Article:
Hmm, interesting thought. Roomie actually asked me what an appropriate gift amount would be for a wedding. He's going to a pretty good friend's wedding and wants to give a nice gift. This got me thinking, what are the actual dollar guidelines for gift giving.
I told him, my mom says the cost of your meal. He said he'd heard that before as well in his Muslim community, and wanted to check it was the same. Thus for this particular wedding, it's in NY, so I was thinking maybe $100 for him and $100 for a date. NY is not cheap.
But then we moved to birthdays and christmas. How much to spend on your friends and family? Do you have guidelines? I told him I think $20-25/friend for either Christmas or birthdays. He agreed but wondered if that wasn't a bit much? But I felt that if you were close enough to exchange gifts then it should be higher than $5-10 right? Tough call.
Then we discussed family. My grandmother's 80th birthday is coming up and she's visiting. It's actually also right before Mother's day, so I sent her a check for $100 for her plane fare, and I figure we'll buy her dinner at least a few times. Was this excessive? DH didn't care (he never does for family, although we rarely give to his side only mine). And roomie said it sounded high, but then acknowledged that he spent at least $50+ on his family. So there appeared to be some variation.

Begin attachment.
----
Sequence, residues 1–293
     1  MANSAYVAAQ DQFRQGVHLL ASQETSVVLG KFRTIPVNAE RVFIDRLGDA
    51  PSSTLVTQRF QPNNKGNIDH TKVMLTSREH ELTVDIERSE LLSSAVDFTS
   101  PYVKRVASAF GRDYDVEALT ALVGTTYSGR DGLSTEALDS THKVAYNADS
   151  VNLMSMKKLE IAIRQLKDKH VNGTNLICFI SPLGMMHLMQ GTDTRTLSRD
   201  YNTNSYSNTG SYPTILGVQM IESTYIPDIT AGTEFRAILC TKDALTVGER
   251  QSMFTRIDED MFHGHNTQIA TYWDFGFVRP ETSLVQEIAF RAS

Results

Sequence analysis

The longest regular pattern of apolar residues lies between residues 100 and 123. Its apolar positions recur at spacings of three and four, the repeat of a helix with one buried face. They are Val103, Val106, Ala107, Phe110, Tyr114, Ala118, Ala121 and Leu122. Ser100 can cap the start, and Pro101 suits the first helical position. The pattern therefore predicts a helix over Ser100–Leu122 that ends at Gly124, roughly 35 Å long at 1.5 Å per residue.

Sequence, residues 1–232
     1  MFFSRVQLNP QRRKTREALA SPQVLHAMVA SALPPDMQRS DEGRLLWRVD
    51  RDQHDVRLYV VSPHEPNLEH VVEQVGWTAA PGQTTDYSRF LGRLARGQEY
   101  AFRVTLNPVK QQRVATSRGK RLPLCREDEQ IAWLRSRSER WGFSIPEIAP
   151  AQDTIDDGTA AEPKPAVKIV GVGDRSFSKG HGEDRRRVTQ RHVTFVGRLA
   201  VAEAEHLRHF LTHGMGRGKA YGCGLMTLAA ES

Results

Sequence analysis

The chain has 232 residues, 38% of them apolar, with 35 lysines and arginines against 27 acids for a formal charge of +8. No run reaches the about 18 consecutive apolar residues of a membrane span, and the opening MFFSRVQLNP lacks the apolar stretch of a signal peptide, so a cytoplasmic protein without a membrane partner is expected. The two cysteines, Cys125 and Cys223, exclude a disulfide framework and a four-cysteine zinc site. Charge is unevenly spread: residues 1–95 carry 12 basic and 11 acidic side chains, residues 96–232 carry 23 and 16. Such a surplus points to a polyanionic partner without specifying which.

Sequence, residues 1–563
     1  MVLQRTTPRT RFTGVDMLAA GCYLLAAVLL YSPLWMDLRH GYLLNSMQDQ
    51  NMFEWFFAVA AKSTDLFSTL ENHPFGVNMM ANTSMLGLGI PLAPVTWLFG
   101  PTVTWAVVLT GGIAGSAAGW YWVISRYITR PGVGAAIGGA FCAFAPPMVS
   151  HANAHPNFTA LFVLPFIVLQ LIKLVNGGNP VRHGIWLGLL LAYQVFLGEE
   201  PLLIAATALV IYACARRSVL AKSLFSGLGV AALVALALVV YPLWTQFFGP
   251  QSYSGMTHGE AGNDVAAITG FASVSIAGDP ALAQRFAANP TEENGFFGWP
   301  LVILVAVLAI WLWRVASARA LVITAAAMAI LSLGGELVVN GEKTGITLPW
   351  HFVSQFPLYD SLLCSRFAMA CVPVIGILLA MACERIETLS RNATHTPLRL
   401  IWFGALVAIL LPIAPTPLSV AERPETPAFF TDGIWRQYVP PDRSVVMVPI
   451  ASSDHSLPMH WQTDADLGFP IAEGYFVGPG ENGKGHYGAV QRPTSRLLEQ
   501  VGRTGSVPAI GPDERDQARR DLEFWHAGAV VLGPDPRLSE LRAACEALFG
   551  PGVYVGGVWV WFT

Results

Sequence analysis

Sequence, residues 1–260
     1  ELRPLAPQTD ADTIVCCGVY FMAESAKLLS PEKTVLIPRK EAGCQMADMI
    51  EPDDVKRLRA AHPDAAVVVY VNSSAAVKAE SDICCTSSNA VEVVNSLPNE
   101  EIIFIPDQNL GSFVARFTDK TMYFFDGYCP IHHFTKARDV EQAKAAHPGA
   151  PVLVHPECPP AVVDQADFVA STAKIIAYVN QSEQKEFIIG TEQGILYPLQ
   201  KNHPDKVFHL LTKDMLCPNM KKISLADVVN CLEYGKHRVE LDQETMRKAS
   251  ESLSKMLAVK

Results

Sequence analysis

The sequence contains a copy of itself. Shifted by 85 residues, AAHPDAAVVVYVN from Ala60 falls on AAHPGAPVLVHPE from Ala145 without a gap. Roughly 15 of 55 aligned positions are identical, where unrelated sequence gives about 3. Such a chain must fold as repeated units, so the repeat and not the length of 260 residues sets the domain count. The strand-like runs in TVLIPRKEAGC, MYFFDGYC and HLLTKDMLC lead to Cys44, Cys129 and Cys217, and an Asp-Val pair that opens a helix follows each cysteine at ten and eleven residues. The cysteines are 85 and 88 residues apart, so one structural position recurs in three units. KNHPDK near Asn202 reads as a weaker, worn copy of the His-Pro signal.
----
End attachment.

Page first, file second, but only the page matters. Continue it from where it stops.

I think for family I try to spend $50 usually, but this time it was for plane fare instead of an actual gift. I also prefer to ususally give gift cards to restaurants or massages, or movies rather than gifts. Usually because most people have everything and I can never come up with stuff to give them.
So we were debating, is it tacky though to send a check? Or to give cash for something specific in mind?
I wonder why we have so many gift giving and "etiquette" rules. Why isn't it more simple, that cash is not crass, and it's the thought that counts?
What do you think are some gift giving guidelines for weddings, birthdays, and Christmas?